The fire was glowing bright orange, burning at a temperature above 2000 degrees. We pulled our safety goggles on, slid on our gloves, and got down to business.
The business was glass-making and the results were beautiful glass flowers, shipped to our homes the next week. I was in Corning, New York with One Carry-On and Stories My Suitcase Could Tell for a Finger Lakes adventure. We had heard we couldn’t visit Corning without spending time at the Corning Museum of Glass, but I wasn’t sure I’d enjoy it much. I was completely wrong.
I frequently visit museums on my travels, but am generally more excited about art museums (like the ones I visited in Spain or France) and history museums (like this one in NYC), than what I assumed would feel more like a science museum. As it turns out, the Corning Museum of Glass is all of those types of museums, wrapped up into one, with added bonuses of live glass-making demonstrations, the opportunity to create something yourself, and a killer gift shop.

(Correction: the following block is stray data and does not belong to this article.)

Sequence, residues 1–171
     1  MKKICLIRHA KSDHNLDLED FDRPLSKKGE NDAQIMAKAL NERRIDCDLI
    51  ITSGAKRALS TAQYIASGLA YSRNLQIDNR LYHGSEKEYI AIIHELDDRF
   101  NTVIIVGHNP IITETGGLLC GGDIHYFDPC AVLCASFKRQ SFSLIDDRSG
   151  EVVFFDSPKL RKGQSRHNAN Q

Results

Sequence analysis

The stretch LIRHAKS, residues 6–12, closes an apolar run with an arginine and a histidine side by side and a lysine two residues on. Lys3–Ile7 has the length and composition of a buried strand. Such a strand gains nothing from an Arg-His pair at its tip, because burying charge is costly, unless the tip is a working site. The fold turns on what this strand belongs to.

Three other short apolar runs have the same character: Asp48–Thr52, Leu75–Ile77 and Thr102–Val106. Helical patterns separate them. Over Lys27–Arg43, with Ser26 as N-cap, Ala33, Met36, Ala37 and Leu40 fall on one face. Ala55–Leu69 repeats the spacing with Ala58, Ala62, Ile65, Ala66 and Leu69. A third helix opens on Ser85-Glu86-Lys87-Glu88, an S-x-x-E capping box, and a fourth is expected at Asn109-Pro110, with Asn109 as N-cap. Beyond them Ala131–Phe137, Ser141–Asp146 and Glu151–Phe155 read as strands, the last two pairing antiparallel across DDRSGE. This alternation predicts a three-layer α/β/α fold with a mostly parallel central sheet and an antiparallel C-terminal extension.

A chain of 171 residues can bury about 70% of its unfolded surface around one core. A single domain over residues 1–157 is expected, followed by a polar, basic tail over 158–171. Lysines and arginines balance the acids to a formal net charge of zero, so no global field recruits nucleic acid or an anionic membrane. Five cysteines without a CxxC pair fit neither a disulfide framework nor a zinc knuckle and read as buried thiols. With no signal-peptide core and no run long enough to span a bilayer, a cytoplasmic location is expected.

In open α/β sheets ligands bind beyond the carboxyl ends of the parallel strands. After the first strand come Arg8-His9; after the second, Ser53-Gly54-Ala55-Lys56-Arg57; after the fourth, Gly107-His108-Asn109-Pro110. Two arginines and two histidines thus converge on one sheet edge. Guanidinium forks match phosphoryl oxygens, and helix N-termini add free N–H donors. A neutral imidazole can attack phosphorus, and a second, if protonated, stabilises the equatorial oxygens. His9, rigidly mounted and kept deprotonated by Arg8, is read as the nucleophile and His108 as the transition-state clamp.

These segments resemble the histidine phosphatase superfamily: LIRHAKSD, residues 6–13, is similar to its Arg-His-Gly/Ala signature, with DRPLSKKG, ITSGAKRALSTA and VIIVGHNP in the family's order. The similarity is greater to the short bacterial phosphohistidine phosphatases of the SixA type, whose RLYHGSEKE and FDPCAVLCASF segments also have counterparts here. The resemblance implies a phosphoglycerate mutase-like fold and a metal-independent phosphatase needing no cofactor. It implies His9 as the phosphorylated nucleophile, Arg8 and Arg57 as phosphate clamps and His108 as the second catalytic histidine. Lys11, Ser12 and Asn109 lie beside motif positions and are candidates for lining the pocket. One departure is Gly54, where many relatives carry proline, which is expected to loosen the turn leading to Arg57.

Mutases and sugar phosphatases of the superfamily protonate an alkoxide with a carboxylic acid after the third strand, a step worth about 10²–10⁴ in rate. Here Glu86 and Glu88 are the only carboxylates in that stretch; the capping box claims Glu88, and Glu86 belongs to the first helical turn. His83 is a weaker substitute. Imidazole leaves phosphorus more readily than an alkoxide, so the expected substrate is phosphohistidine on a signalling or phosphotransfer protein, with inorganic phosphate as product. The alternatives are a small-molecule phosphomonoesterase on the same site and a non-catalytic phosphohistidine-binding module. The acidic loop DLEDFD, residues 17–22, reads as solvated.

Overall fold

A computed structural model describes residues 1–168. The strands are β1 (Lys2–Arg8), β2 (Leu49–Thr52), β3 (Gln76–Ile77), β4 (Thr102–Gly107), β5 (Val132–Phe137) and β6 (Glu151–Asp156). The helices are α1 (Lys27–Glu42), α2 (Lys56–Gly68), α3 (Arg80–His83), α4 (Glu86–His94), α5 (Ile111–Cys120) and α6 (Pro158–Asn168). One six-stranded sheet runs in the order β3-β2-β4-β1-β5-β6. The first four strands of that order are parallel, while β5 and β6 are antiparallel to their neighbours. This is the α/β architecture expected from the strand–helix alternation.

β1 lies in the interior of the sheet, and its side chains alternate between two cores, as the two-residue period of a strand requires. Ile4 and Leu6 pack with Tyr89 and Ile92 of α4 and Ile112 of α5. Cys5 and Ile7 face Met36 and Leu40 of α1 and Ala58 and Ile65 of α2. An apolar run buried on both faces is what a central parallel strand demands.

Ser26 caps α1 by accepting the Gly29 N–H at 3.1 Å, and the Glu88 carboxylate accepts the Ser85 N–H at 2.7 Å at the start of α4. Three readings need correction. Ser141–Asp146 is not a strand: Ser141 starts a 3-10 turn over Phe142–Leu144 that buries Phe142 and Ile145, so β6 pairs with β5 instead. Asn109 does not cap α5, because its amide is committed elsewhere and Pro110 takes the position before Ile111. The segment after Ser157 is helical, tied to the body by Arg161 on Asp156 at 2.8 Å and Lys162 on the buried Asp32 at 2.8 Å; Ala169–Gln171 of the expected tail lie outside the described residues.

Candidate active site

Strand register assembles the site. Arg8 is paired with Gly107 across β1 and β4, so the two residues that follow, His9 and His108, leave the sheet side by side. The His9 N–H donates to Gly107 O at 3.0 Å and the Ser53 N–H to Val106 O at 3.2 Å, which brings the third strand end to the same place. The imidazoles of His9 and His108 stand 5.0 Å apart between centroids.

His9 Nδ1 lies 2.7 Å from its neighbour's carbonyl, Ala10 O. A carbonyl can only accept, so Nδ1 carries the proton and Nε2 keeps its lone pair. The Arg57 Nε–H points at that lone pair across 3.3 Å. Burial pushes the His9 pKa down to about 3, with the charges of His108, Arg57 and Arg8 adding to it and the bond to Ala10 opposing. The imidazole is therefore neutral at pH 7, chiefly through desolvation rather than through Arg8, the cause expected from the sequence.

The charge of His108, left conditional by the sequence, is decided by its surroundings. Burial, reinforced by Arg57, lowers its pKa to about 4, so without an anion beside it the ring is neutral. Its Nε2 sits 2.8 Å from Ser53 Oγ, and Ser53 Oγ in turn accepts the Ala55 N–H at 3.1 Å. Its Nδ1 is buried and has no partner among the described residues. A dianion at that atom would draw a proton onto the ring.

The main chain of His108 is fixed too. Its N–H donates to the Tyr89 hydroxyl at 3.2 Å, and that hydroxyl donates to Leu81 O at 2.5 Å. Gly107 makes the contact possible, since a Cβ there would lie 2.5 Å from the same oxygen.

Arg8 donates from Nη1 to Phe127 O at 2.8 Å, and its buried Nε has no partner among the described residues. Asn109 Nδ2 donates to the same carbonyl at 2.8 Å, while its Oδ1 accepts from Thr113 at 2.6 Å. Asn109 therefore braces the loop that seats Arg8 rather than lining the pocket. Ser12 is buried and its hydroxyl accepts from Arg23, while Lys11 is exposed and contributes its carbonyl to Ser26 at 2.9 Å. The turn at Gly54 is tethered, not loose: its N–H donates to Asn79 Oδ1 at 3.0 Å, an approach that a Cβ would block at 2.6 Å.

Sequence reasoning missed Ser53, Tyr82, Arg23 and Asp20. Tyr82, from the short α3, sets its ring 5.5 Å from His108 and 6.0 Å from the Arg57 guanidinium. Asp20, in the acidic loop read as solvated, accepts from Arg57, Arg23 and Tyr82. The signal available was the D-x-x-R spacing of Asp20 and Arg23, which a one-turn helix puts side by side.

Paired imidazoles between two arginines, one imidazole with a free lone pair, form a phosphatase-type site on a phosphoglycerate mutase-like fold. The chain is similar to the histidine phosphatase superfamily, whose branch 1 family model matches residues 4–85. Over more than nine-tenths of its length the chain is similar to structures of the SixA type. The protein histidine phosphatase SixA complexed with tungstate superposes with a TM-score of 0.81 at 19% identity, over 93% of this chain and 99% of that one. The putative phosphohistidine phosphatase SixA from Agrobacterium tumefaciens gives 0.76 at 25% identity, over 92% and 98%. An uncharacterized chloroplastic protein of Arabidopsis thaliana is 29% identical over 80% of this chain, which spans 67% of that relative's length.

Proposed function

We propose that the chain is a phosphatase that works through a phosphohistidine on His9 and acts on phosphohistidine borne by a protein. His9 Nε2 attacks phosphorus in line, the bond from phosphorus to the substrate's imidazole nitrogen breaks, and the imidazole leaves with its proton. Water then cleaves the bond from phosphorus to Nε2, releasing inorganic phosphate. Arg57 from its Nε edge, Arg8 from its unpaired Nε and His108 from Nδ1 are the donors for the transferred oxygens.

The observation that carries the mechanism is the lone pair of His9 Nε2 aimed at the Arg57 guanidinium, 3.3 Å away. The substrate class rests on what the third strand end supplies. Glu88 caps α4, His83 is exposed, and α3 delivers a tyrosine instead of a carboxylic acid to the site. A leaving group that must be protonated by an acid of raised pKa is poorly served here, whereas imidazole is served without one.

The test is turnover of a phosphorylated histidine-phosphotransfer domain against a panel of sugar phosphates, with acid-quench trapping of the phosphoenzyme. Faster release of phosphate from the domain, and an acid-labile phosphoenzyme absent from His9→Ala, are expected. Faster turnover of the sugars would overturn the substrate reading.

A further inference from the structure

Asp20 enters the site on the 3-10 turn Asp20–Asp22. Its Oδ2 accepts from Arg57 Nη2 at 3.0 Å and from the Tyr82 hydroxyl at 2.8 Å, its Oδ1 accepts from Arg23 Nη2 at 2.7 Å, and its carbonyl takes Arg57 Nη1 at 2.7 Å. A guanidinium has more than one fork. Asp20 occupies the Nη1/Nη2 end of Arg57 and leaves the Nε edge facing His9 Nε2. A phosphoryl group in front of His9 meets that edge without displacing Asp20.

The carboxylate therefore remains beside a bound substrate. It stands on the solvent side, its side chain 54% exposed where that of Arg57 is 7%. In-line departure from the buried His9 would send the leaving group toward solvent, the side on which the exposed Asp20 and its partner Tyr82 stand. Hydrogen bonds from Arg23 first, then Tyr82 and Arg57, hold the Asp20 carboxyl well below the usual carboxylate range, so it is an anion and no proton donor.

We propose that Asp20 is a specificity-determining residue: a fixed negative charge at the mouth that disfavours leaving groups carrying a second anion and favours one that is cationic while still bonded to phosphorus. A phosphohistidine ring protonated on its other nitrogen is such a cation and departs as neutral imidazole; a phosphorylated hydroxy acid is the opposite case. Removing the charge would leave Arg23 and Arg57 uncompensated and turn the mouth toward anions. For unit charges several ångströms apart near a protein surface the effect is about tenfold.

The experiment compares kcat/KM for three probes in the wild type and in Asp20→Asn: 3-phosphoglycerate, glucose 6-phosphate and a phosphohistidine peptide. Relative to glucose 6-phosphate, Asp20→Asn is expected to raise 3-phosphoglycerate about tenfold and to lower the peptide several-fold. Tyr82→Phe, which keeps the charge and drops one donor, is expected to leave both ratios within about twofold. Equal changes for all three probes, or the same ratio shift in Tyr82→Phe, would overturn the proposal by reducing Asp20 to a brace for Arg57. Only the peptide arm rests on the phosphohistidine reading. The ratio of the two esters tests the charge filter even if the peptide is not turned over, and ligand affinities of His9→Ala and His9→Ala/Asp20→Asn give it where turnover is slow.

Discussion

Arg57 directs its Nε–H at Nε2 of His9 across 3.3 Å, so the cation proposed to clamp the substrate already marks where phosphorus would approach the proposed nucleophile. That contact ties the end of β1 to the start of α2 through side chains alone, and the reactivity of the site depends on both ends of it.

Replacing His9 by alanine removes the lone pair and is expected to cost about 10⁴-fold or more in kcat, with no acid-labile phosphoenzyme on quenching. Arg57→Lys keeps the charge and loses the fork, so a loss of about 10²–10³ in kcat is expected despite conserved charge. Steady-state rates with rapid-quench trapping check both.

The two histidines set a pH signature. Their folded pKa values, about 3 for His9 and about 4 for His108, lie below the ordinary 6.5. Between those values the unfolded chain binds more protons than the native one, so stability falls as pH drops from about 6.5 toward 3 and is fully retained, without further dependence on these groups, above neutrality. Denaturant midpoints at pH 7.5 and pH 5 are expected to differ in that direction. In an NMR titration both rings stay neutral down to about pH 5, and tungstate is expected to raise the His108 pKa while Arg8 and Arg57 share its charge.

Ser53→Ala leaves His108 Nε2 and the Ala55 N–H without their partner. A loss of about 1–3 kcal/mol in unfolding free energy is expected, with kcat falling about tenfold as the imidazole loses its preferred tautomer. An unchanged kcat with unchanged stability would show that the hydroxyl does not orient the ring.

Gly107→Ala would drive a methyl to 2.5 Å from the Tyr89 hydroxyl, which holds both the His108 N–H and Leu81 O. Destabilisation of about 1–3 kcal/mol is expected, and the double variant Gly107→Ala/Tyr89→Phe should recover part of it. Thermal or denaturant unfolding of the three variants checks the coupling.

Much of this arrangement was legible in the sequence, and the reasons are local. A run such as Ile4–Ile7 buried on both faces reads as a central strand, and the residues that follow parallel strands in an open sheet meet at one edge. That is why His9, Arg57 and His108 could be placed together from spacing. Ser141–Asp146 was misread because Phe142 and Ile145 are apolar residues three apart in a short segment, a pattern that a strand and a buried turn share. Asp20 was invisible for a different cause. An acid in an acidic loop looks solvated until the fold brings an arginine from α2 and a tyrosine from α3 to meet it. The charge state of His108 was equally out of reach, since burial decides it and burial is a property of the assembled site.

We use glass in so many aspects of our lives – look around you right now. At the very least, you’re seeing the windows in your home or on the subway, the screen on your device, and the glass you’re drinking wine out of right now (I assume everyone enjoys my blog with a proper glass of Dr. Konstantin Frank’s Semi-Dry Reisling from the Finger Lakes). Considering how prevalent glass is in our lives, we probably don’t think that often about how it’s made or about its history.
It was when I walked into the lobby and saw the giant bright-yellow Dale Chihuly sculpture, Fern Green Tower (similar to the one I saw at the Children’s Museum of Indianapolis in June) that *of course, Erin* the museum wasn’t going to be about windows and eyeglasses. At the same time, I also suddenly remembered that I was intrigued by a woman making glass beads in a flame when I was in Lafayette, Indiana. This was definitely going to be way cooler than I thought it would be.